Why are power grids interconnected

Structure of the German electricity grid

Our power grid has four voltage levels that are operated with alternating current and are connected to one another by transformers.

The High voltage level works with 220,000 volts and 380,000 volts and, according to the Federal Ministry of Economics, had a length of around 35,000 kilometers in Germany in 2016. It forms the connection to the European networks and serves to connect the metropolitan areas over great distances with large long-distance lines and to supply very large industrial companies. Your lines are the highways of the German power grid.

The large power plants are connected to this level. The energy is sent through substations to the High voltage level passed, which operates with voltages of 60,000 to 220,000 volts and has a length of about 77,000 kilometers. It serves the supraregional distribution of electricity and supplies local electricity suppliers as well as large industrial plants, larger commercial enterprises and the railways.

The next level that Medium voltage level, works at 6,000 to 60,000 volts, has a length of around 479,000 kilometers and supplies, among other things, regional distribution networks as well as small and medium-sized companies in industry and commerce such as hospitals.

The Low voltage level finally supplies the electricity with the known voltage of 230 volts or 400 volts to end consumers such as households, small commercial companies and farms. The length of this network was 1.23 million kilometers.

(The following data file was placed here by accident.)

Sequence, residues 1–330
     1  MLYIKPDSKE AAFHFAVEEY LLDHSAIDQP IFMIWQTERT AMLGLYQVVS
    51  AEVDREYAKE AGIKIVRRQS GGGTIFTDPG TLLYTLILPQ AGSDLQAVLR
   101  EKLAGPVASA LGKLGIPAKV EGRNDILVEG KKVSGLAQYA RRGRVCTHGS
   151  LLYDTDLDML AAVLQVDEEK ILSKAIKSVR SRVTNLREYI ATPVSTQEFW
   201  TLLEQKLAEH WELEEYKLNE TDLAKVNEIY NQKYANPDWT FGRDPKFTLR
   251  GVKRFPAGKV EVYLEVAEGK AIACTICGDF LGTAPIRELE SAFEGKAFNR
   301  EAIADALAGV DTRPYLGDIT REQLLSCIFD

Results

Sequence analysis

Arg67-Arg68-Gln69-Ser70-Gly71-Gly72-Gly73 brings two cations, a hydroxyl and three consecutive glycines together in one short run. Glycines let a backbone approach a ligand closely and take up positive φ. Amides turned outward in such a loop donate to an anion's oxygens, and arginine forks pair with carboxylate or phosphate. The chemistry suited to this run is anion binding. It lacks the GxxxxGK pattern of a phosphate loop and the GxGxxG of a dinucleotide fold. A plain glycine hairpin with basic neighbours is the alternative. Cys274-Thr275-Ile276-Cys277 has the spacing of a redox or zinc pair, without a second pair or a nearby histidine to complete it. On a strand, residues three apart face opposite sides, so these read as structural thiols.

In 2016, the entire power grid was around 1.8 million kilometers long and required 550,000 transformers to supply the various voltage levels. Around 1.45 million kilometers of this network, or almost 81 percent, were underground cables in 2015. Since it is practically impossible to store electricity, as much energy as is required has to be fed into this network every second, which means an enormous amount of control capacity to keep the network stable. The network frequency of 50 Hertz is particularly critical here, as it reacts very sensitively to fluctuations in the network, which in turn has far-reaching negative effects. Therefore, the grid frequency also serves as an indicator for controlling the stability of the power grid. This applies not only to the German network, but also to the entire European network because of the link with other countries.

Construction of the power grid